00-140r0 - Bug in SAM-2 Task Identifier Definition
ralphoweber at CompuServe.COM
Sun Mar 5 05:36:08 PST 2000
* From the T10 Reflector (t10 at t10.org), posted by:
* Ralph Weber <ralphoweber at compuserve.com>
} The Task Identifier is consumed at the Device Server,
} which is an LU entity, not a target entity. An LU may
} be attached to an initiator via one or more targets/ports.
} The Target ID is intended to identify that entity.
The description of the problem is correct. However, its
use as a justification for the definition of the Task
Identifier object is on very thin ice with respect to
SAM (ANSI X3.270:1996). SAM does not describe a model
for multi-port devices.
In SAM-2, the problem described above is addressed by
the addition of a Port Identifier object (see 4.9.2
and 4.9.3 on PDF page 49 in sam2r12.pdf, and 4.10.2
on PDF page 51).
The SAM-2 model for multi-port devices is still under
development. However, I believe that having a separately
named Port Identifier object will survive the development
The Port Identifier need not be identical to the Target
Identifier, which allows implementations that use other
identifiers such as PCI bus address to distinguish ports.
Furthermore, a dual ported target could be configured
on to separate SCSI Busses and be given the same
Target Identifier on each port/bus. Therefore, Target
Identifier is not guaranteed to be a unique identifier
for the port.
} Two tasks delivered by the same initiator to the same
} LU but through different target/ports are considered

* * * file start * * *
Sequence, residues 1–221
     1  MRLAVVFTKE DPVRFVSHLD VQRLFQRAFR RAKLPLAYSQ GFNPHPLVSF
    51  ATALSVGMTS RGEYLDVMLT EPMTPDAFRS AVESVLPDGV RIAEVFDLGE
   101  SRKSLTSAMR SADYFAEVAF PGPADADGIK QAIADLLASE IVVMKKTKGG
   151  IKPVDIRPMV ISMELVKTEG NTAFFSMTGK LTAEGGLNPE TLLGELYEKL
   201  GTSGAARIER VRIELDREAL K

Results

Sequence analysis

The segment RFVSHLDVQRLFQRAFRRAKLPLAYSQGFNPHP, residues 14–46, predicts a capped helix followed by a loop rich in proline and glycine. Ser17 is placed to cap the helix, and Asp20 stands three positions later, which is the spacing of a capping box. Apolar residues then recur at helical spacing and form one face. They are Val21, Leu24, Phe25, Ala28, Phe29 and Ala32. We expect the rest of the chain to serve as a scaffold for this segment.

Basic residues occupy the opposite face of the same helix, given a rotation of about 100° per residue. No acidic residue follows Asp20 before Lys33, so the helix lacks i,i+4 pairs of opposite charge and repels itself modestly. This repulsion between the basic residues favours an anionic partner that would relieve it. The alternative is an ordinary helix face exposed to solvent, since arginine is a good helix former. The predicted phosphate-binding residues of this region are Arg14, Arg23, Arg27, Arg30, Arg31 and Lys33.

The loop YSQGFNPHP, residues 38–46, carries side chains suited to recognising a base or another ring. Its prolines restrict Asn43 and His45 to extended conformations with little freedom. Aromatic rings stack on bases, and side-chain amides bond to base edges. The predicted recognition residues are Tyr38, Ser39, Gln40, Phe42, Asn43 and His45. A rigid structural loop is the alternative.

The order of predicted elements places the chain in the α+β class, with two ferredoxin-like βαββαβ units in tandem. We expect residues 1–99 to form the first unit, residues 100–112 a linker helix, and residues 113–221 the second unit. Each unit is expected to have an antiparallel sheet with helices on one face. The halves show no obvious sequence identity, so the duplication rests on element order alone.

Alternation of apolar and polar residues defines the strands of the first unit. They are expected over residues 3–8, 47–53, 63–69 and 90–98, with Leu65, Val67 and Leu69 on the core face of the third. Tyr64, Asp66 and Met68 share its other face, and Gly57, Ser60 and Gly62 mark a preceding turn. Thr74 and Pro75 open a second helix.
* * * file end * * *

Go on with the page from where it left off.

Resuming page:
} to be separate and distinct.
This statement is true. However, it leaves the incorrect
impression that the target might somehow be able to
recognized that the two tasks are from the "same
initiator." The SCSI model for multi-port devices
provides no way for a target to know that the same
initiator is sending tasks via two different ports.
I doubt that future developments in the model will
} You did not describe the FCP-2 problem clearly.
} Please be more explicit?
See FCP-2 Letter Ballot Results (T10/00-005r0) ENDL
comment 40 (PDF page 13).
} Note, you can not directly address the "target/port"
} at the SCSI ULP.
If this statement is meant to apply to application
clients, then it is both true and false. The SAM-2
model under development prohibits sending a command
to one target port and requiring that the data be
transferred on a different target port, as such
no naming mechanism is provided for identifying
the different target port. On the other hand,
the application client addresses a SCSI command
to a specific Target Identifier, which must of
necessity address a specific target/port.
} All task management commands are ultimately
} delivered to an LU's device server.
This statement conflicts with SAM and SAM-2.
Task management functions are addressed to the
Task Manager, which is an object within the
Target. See SAM-2 4.7.4 (PDF page 46) or SAM
4.7.3 (PDF page 34 in sam-r18.pdf), the wording
is identical in both:
"The task manager controls the execution of one
or more tasks by servicing the task management
functions specified in clause 6."
} Some are broadcast to more than one.
There is no broadcast function in SCSI.
} The port level LLP through task manager to ULP
} device server mapping has always been LLP specific.
} Addressing the target/port is an LLP operation.
This represents a positioning of the Task Manager
that I had not considered. I always envisioned
the Task Manager at the same layer as the Device
Server, probably because the Application Client
(clearly just one layer) addresses requests
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